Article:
We explored with different configurations for each variation and evaluate the performance of the model on the dev set of full and top-50 codes MIMIC-III dataset. The results are displayed below. As shown, both MultiCNN and ResCNN outperformed the vanilla CNN model. The performance peaked when we have 6 filters for MultiCNN and performance was the highest for ResCNN when we have one residual block. When combining the best of MultiCNN and ResCNN, we created MultiResCNN which outperformed both models individually.

Experiments

Our evaluation datasets are MIMIC-II and MIMIC-III. With MIMIC-III, we explored both full codes and top-50 most frequent codes. The MIMIC-III full code has 8921 ICD-9 codes with 47719, 1631, and 3372 discharge summaries for train, dev, and test. The MIMIC-III top-50 codes has 8067, 1574, and 1730 discharge summaries for train, dev, and test.

Our evaluation metrics are macro-averaged and micro-averaged AUC and F1 scores and precision at 8 and 15. Our baseline models are:

  1. CAML and DR-CAML

  2. C-MemNN. Condensed Memory Neural Network

  3. C-LSTM-Att. Character-aware LSTM with attention mechanism

  4. SVM. Both flat and hierarchical SVM

  5. HA-GRU. Hierarchical Attention GRU

Results

The table below showcase the results of MIMIC-III full codes. MultiResCNN outperformed CAML in 4 out of 6 of the evaluation metrics and achieved competitively in the other two. Our model is able to obtain stable results as evident from the low standard deviation.

The table below showcase the results of MIMIC-III top-50 codes. MultiResCNN outperformed all our baseline models in all metrics. Our model improves against the best performing baseline model by 0.015, 0.012, 0.03, 0.037, and 0.023 in macro-AUC, micro-AUC, macro-F1, micro-F1, and precision@5 respectively.

The table below showcase the results of MIMIC-II. Again, our MultiResCNN outperformed all the baseline models in all metrics.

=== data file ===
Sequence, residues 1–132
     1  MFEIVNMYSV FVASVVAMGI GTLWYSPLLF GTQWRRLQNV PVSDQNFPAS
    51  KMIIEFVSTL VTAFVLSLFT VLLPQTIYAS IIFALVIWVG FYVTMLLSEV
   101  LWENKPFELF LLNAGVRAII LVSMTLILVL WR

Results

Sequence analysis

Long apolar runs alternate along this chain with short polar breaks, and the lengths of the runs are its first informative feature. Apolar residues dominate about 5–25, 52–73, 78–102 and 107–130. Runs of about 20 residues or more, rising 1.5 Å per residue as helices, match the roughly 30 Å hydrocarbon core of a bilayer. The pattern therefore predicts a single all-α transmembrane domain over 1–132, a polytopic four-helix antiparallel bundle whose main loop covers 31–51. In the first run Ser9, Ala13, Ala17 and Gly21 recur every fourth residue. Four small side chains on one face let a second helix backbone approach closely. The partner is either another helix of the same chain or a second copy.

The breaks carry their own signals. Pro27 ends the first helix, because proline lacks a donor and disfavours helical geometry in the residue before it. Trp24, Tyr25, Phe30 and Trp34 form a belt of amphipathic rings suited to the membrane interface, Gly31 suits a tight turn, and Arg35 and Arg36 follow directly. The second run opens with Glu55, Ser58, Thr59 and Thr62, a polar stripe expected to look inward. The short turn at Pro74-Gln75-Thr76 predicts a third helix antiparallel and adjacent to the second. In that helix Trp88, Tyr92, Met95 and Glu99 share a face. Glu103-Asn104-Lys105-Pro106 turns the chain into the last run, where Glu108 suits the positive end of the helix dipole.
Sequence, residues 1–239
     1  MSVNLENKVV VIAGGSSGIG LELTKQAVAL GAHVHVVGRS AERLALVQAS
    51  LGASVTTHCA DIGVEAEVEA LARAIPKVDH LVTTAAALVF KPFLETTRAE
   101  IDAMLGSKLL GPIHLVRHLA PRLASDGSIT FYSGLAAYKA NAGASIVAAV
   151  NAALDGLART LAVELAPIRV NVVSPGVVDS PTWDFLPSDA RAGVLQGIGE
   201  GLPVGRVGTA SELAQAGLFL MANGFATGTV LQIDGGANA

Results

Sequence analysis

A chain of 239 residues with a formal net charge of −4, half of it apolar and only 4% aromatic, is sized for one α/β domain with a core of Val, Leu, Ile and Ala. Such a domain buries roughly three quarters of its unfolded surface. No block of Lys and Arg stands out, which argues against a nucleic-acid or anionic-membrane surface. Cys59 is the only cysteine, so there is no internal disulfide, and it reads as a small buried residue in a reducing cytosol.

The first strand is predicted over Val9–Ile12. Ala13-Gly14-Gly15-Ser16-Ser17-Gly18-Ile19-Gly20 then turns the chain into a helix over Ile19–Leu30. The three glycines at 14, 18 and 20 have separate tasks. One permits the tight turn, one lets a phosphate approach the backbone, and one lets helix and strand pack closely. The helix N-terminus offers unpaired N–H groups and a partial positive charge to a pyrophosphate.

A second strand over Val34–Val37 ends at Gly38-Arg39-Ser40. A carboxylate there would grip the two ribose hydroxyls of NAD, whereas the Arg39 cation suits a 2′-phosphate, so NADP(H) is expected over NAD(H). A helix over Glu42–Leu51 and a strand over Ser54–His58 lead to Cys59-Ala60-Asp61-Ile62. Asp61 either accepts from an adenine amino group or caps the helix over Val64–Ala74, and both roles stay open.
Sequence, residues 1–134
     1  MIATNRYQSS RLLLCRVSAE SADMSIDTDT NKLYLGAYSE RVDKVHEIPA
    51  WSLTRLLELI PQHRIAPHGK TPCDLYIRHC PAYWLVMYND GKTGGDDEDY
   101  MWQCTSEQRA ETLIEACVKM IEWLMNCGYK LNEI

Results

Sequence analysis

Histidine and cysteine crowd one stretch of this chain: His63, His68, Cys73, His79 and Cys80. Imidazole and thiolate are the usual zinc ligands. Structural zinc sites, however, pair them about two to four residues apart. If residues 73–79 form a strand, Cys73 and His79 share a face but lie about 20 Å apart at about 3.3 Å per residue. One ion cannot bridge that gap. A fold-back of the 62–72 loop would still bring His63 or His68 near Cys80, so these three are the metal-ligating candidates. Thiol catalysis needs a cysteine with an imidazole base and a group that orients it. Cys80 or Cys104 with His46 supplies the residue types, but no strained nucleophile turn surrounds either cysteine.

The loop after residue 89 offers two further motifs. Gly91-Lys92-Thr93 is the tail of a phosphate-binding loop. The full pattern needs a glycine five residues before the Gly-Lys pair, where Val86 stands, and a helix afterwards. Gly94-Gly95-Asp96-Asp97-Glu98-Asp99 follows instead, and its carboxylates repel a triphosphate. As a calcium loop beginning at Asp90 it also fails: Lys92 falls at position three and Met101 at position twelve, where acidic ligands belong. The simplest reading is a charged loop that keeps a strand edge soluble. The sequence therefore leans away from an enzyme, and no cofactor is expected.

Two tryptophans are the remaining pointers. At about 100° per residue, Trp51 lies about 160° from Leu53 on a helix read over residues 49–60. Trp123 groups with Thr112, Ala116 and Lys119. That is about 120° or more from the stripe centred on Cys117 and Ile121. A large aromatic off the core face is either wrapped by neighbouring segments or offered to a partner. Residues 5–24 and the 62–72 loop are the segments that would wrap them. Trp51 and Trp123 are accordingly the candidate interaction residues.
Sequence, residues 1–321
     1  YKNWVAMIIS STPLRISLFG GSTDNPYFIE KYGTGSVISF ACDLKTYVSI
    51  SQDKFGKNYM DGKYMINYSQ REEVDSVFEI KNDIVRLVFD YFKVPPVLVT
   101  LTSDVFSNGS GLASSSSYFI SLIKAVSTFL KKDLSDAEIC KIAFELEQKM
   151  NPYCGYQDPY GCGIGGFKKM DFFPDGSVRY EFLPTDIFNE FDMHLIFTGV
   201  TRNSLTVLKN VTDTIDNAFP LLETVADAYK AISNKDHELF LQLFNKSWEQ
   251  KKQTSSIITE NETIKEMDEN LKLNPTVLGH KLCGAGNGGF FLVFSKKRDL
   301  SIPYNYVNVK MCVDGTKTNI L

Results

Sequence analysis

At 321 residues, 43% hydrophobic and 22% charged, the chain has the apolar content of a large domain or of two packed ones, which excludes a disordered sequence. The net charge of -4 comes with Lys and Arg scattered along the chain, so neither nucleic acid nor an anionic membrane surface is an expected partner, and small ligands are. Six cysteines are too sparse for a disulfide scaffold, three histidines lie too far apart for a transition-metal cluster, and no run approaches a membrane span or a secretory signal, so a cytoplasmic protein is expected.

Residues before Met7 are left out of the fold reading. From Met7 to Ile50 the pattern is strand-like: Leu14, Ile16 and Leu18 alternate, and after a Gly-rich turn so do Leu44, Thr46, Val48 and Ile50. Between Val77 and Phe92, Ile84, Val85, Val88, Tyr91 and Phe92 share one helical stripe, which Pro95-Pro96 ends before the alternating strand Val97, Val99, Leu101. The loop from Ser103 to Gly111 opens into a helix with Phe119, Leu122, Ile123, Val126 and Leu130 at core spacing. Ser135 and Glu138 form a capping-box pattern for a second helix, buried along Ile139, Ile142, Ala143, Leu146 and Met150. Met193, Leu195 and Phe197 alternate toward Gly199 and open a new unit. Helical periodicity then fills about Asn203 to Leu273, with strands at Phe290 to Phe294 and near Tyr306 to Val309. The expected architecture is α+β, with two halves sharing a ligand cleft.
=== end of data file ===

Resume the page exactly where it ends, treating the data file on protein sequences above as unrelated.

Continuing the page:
Discussion

Computational Cost Analysis

We analysed the computational cost between CAML and MultiResCNN in four different aspects: parameter amount, training time, training epoch, and inference speed as shown in the table below. The table shows that our model MultiResCNN is 1.9x bigger than CAML and takes 2.3x longer to train. However, we believe that the performance gain justify this level of increase in computational cost.

Effect of Truncating Data

We truncated any discharge summaries longer than 2500 tokens and we want to assess the effect of this truncation on the performance of our model. We experimented with 3500 – 6500 in 1000 increments and found that the performance differences are negligible.

Conclusion and Future Work

Potential future work could explore how to incorporate BERT into this task effectively. We tested BERT and it did not perform well due to hardware and fixed-length context limitations. We could potentially experiment with recurrent Transformer and hierarchical BERT. Lastly, we could further explore how to choose the number of kernel and kernel size more optimally than just empirically.

Ryan

Ryan

Data Scientist